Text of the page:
Of all the many reasons why it seems impossible that Prince Rogers Nelson could possibly have passed away, you could probably start with this: He never aged. As far as we could tell watching him from afar, he was the exact same Cassanova making blockbuster albums in the early ’80s as he was confounding pop expectations under an unpronounceable symbol alias in the ’90s, as he was dropping jaws in the best Super Bowl halftime show ever in the ’00s, as he was releasing TIDAL exclusives and inspiring award-show memes in the ’10s. At any point in time, you saw him, and he looked like like himself. He was a vampire. He was immortal. He was Prince.
For almost 40 years of popular music, Prince was a part of everything. At various points in his career, he could make claims to being the best pop star, the best classic-rocker, the best new-waver, the best soul man, the best albums artist, the best singles artist, the best music-video artist, the best live performer, the best singer, the best songwriter, the best musician, the best dancer, the best Batdancer, the best dresser, the best talent scout, and the best self-promoter. Hell, you could have called him any of those things this week and even those brazen enough to disagree wouldn’t dare be disrespectful enough to voice their dissent. If the honorific of Greatest Living Artist was passed out in music the way Greatest Living Baseball Player was unofficially designated in sports, the title would’ve already been Prince’s for decades, with no new challenger remotely on the horizon. (Especially since Prince’s only other real solo rival for artistic endurance, shapeshifting imagination, and widespread musical and cultural influence was also tragically removed from the running earlier this year.)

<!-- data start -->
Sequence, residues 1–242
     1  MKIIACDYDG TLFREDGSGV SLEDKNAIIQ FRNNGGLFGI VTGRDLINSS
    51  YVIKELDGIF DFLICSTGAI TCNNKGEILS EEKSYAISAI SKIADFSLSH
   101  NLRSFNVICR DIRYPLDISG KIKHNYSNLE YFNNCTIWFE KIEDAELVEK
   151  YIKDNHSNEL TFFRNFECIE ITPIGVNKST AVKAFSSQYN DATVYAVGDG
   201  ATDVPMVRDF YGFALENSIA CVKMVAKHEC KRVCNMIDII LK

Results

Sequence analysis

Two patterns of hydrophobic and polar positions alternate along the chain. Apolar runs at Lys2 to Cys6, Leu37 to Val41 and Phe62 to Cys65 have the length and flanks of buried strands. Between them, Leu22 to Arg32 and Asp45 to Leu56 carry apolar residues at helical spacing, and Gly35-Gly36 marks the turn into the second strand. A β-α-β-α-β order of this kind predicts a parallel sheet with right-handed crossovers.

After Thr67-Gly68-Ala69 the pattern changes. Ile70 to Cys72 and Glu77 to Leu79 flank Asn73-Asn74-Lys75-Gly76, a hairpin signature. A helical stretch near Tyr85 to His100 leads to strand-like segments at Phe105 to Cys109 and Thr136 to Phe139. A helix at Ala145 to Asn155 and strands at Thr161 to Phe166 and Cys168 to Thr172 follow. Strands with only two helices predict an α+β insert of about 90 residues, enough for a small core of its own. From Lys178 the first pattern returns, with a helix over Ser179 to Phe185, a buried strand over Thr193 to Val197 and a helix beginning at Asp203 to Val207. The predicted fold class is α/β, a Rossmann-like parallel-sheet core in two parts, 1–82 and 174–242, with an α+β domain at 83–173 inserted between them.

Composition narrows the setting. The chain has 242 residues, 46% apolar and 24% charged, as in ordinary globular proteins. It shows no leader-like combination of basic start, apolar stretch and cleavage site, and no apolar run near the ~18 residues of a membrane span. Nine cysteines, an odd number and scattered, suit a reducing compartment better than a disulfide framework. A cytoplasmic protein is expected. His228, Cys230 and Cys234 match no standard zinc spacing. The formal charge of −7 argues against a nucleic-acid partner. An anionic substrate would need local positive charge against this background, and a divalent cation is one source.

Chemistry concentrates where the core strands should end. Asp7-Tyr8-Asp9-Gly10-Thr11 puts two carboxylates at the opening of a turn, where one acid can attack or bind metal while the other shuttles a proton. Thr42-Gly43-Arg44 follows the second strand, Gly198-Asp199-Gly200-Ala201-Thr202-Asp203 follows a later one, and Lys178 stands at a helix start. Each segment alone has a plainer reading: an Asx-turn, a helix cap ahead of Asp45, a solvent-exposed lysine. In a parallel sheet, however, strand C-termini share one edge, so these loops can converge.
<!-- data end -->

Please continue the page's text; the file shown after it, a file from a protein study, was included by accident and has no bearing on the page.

Because all human beings technically have to come from some place, Prince came from Minneapolis, Minnesota. The child of soon-separated parents, he jumped around homes a lot as a teenager, joining his cousin Charles Smith in the band Grand Central when he was still in high school. After some time in that group and in local funk outfit 94 East, Prince made a solo demo and was eventually signed to Warner Bros. A musical prodigy, he was credited as playing all 27 instruments on his debut LP, 1978’s For You, which spawned a minor hit in “Soft and Wet” and attracted a small following — one which would expand exponentially with 1979’s self-titled LP and Prince’s first real crossover smash, “I Wanna Be Your Lover.”
Third album Dirty Mind, released in 1980, was met with a muted commercial reaction, but drew critical raves for its unprecedented sonic blend of funk, synth-pop, disco, and new wave, and for the singular filthiness of many of its lyrics, delivered less for shock value than as just a shrug at self-censorship. Prince arrived as a true pop star with 1982’s 1999 (his first album featuring longtime backing band the Revolution), whose title track and “Little Red Corvette” became top-ten hits. By the time of 1984’s Purple Rain — which topped the Billboard charts for 24 weeks, spawned two number-one hits, and eventually sold more than 20 million copies worldwide — he had officially elbowed his way alongside Michael Jackson and Madonna to form the Holy Trinity of ’80s pop.
Of course by then, Prince was much more than just a recording artist. He was a film star: Purple Rain was released as the soundtrack to the film of the same name, which starred Prince as a lightly fictionalized version of himself, and was a commercial success in its own right. He was an MTV icon: “When Doves Cry,” “1999,” “Little Red Corvette,” and a dozen other clips had become standards of the channel’s formative years, making him one of the few artists of color to break the channel’s early race barrier. And he was one of the most in-demand songwriters: By 1984, he had written songs that became hits for Chaka Khan (“I Feel for You”), Sheila E. (“Glamorous Life”), and Purple Rain co-stars Morris Day and the Time (“Jungle Love”) and Apollonia 6 (“Sex Shooter”).